Loyal customers are being penalised with excessively high premium prices at renewal, the insurance industry has finally admitted.
It has pledged to crackdown on the high costs long-standing customers pay compared to the prices given to new customers.
The Association of British Insurers and the British Insurance Brokers’ Association have published a list of action points for insurers to follow to reverse the current system which sees existing customers paying up to 70 per cent more than new ones.
Insurers admit to excessive price differences for long-term customers and new customers
It follows on from a rule change last April which meant when insurers contacted customers when their policy was up for renewal, they had to list in a clear and prominent position how much the customer had paid the year before.
This was to try to make customers more aware of how much they are paying for their policy and encourage them to shop around if it was going up.
But there is still a big difference in the price new and existing customers pay, and according to research from Citizens Advice, loyal customers are paying an average of £110 than new customers.
Now the insurance industry has published an action plan to tackle the problem.
It will apply to insurance policies of 10 months or more including home, motor and travel insurance but not pet or health insurance.
It says insurers cannot use a customer’s renewal as an opportunity to hike prices excessively and lead to the kind of price differences which currently exist.
Insurers will also need to include in customer communications the fact that prices may rise at renewal and for those who have been with an insurers for five years or more, the cost of their premium will need to be reviewed to see if it is still fair.
In two years’ time a report will be published by the ABI and BIBA to show how these guidelines have helped and to reveal how insurers have worked to tackle the difference.
Insurers will need to tell customers their price might go up after the first year
Andy Briggs, ABI chairman, said: ‘Insurers do a great job for their customers, providing peace of mind and financial help when they most need it, but the renewal market simply doesn’t work where loyal customers get charged much more than new customers.
‘Given many consumers expect to get cheaper insurance when they shop around, there is no easy solution.
‘These new Guiding Principles and Action Points are a positive initiative by the ABI and BIBA members to demonstrate that the whole industry recognise this is an important issue that needs to be addressed.’
Lord Hunt of Wirral, chairman of BIBA said: ‘It is part of the DNA of insurance brokers to put the best interests of the client first.
‘That is why I am so delighted that insurers and brokers have come together for the benefit of our established and loyal customers, setting out a positive path forward on renewal pricing.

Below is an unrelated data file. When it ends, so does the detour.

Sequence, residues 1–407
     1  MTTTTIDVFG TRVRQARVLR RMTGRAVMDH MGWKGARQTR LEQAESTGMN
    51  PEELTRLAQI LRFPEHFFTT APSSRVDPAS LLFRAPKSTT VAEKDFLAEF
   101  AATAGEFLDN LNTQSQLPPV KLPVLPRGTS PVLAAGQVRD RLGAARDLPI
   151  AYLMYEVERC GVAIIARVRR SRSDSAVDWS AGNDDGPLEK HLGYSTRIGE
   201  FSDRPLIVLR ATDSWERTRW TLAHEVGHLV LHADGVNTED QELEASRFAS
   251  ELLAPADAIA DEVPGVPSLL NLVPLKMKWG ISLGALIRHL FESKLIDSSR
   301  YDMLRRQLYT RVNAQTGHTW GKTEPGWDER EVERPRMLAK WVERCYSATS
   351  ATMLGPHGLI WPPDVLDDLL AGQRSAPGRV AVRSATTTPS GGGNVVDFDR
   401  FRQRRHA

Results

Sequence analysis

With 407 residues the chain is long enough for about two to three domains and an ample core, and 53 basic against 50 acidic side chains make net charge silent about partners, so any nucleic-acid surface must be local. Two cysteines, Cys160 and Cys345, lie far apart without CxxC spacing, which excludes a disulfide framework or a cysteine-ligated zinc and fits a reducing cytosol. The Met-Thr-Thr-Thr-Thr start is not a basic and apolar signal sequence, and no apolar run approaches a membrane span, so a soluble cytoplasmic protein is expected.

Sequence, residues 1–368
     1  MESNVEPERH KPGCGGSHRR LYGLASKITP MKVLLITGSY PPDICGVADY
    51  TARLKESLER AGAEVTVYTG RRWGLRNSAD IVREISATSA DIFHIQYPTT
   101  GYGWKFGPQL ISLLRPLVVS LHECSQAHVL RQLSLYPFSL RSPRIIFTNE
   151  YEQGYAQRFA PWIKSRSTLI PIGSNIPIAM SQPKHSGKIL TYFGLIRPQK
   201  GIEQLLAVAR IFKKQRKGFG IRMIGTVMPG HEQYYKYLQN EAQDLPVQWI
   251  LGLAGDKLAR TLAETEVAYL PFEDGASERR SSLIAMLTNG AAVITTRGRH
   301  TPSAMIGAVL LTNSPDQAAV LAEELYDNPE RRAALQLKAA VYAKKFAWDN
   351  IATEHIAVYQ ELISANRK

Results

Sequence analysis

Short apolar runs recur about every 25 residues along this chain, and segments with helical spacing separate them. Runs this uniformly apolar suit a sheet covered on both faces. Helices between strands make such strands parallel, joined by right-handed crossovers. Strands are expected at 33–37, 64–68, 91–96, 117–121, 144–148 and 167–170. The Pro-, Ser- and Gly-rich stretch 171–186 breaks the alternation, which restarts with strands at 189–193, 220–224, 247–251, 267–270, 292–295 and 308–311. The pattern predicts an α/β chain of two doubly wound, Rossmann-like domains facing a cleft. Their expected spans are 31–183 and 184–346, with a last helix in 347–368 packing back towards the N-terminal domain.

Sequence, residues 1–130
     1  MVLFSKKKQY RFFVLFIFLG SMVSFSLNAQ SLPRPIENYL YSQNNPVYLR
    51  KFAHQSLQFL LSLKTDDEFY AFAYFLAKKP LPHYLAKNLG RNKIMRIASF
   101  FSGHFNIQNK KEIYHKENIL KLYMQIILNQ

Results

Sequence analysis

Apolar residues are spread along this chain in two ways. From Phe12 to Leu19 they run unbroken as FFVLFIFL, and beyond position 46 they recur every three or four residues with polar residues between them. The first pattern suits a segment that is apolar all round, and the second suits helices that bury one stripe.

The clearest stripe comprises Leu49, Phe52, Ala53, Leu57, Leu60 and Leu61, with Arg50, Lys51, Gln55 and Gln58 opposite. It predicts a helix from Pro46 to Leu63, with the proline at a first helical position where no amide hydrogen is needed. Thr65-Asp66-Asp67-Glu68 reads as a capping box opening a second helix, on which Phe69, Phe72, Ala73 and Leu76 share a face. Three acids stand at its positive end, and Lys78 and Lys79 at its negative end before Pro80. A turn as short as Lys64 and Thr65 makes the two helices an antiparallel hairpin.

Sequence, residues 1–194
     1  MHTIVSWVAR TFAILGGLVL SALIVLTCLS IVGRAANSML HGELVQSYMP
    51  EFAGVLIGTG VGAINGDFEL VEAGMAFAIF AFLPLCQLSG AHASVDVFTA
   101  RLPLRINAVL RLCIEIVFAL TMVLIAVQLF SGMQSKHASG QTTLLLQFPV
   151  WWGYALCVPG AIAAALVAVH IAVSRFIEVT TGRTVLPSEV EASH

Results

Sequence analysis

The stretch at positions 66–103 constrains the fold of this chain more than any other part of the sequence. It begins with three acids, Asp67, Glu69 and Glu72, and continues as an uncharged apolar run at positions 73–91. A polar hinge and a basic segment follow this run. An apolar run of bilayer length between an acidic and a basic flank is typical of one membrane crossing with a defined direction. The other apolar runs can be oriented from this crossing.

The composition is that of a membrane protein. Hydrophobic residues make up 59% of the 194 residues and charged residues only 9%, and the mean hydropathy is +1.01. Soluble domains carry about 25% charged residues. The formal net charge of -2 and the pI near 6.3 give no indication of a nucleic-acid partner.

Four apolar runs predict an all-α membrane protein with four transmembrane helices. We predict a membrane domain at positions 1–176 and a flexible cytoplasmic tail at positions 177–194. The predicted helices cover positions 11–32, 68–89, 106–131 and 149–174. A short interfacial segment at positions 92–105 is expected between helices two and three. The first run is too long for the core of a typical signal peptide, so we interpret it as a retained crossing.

‘I would encourage everyone within the wider market to join with us in adopting these guiding principles and action points.’
Ian Hughes, chief executive of Consumer Intelligence, said: ‘The initiative from insurers and brokers is very welcome and shopping around is increasing with more than 1.4million comparing prices in the past year.
‘The good news is that consumers are better informed than ever and the FCA has made it clear that it is keeping a close eye on whether firms are adequately displaying the previous year’s premium at renewal.
‘The hope is that drawing consumers’ attention to what happens to their premiums at renewal will promote competition and ultimately help to wean insurance brands off dual pricing, whereby new customers get the best prices and loyal customers pay more. ‘
OUR VERDICT: ONUS WILL STILL BE ON THE CUSTOMER TO SWITCH
Rebecca Goodman of This is Money says: While it’s a positive move for the ABI and BIBA to acknowledge a problem which has been rife with insurance policies for years, what’s not clear is what will happen to the firms who don’t adhere to the new guidelines.
Will it be the case they are removed from the ABI or BIBA membership or will something more serious happen such as a financial penalty?
There are also no specific details given about how insurers should price new and existing customer premiums and what kind of price difference is deemed as ‘excessive’.
Therefore it will still be up to insurers to decide how to narrow this gap and to change prices accordingly.
I also think having to wait two years for a report is too long.
Why is this not being published on a regular basis, with insurers named and shamed who are not following the guidelines and still ripping-off customers?
So despite good intentions, I think the onus is still being left with the customer to switch and save and the action plan is unlikely to make much difference.